How much does a solar thermal system cost?
What is the cost of a solar thermal hot water system?
The cost of solar thermal systems vary, but normally you can expect to pay between £3,000 and £6,000 (including a reduced rate VAT of 5%). These figures include installation costs and all parts (solar collectors, control panel, pipes, hot water tank).
The price of your system will depend on the type and quality of the panels. A typical well-insulated twin coil cylinder system will be priced at around £4,500 according to the Solar Trade Association.
It is also possible to buy DIY solar thermal kits with all the necessary hardware, which normally cost between £1,500 and £2,500, though these are not immediately eligible for government support. Your system will need to be installed by an MCS accredited installer to benefit from the RHI
Potential differences in initial costs of solar thermal systems occur due to each site’s specifications. For example, plumbing costs may increase if the building has a complicated or antiquated water system. If scaffolding is needed then the installation costs could be considerably higher. The costs of integration with current systems could add further expense.
The size of system (the number of collectors and water cylinder capacity) you will require depends on the hot water demand of your home, business or organisation. A general rule of thumb is that you’ll need 1m² for each person living in the building. Solar thermal collectors are usually around 2-3m², so for an average 3-4 bedroom house you will require 2 collectors. As the average person will use around 50 litres of hot water each day, a normal 4 bedroom house will require a 200 litre tank.
The quality of collector used also impacts upon the total initial cost of the project. As noted already, evacuated tube systems cost slightly more than flat panel systems, but are more efficient.
Potential savings when using Solar Thermal
The potential savings offered by solar thermal systems are difficult to calculate exactly and depend on a large range of factors. These include:
- Initial system cost (depending on size, quality of parts and installation).
- The energy source that you are replacing (coal, gas, electricity, LPG, oil, etc.).
- The property’s suitability for solar panels (and the total output of the system - usually between 1000-2500kWh in the UK).
- The property’s energy efficiency.
- Eligibility for the RHPP and RHI.
- Your geographical location and solar resource.
- Available financing incentives.
- The cost of the fuel you use for your backup water heating system, if you have one.
- Your energy needs (the solar thermal system will not provide all of your hot water needs).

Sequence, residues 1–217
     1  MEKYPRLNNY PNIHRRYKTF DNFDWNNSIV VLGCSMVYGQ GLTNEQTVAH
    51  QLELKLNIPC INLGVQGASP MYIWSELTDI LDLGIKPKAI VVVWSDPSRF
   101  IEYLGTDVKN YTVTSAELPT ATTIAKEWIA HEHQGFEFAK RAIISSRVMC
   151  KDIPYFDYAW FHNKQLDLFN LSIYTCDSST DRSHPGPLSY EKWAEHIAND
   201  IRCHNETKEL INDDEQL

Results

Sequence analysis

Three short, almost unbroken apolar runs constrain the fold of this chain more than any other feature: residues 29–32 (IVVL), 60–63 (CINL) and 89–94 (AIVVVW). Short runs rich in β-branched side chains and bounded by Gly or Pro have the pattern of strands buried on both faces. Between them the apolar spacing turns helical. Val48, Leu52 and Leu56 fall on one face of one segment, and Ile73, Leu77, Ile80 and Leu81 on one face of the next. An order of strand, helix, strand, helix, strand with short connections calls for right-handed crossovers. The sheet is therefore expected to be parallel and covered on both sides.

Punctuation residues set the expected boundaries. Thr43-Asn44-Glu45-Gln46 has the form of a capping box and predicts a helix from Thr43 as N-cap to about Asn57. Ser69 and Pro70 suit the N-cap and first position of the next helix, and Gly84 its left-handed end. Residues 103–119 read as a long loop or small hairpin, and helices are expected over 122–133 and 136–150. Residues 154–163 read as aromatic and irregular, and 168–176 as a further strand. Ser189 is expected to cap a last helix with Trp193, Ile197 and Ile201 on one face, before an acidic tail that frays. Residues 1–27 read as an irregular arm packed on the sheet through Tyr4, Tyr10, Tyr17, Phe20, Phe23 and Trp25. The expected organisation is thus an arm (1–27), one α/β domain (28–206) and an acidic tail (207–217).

Though the above range of factors needs to be taken into account when calculating the potential savings offered by solar thermal systems, it is possible to give a rough idea of how much you can expect to save.
|Energy source being replaced||Approx annual energy bill saving*|
* These potential savings are given only as a guide. You should always ask prospective installation companies to give you a quote for the expected performance of solar thermal systems. MCS-accredited companies should do this for you.
NB. These figures do not take into account the potential income received from the (as yet unconfirmed for domestic properties) Renewable Heat Incentive. Once this comes into effect, the actual return offered by solar thermal system will be much higher. Non-domestic installations currently receive 8.9p/kWh of energy produced.
The typical output of a domestic solar thermal installation in the UK is between 1000kWh and 2500kWh, though once again this depends on individual factors. When the domestic RHI becomes active the average householder can therefore expect to receive around £200-£400 per year in payments, on top of the reduced energy bills.
This means that householders who install solar thermal technology can expect to recoup their initial investment after 10-15 years. There is also the £300 Renewable Heat Premium toward the initial cost of installing solar thermal collectors.
What’s more, while the energy bill savings outlined may seem modest, they do not take into account the extent to which installing solar thermal systems can protect you from rapidly rising energy bills. What’s more, the RHI payments are RPI-linked, so they will not be eroded by inflation.
It is necessary to underline the fact that a solar thermal system will not fully replace your existing water heating system, and will not provide any space heating. The actual percentage of your water heating demand covered by solar thermal will depend on your energy consumption habits (though this figure is usually between 40% and 60%). Obviously, solar thermal systems are most productive in the summer, when there is most sunlight. You will therefore rely more on other, non-renewable energy sources during the winter months.
If you are planning on adding a solar thermal system to a new build or as part of a larger refinancing job as part of a mortgage, then your payments on the money lent may be considerably lower.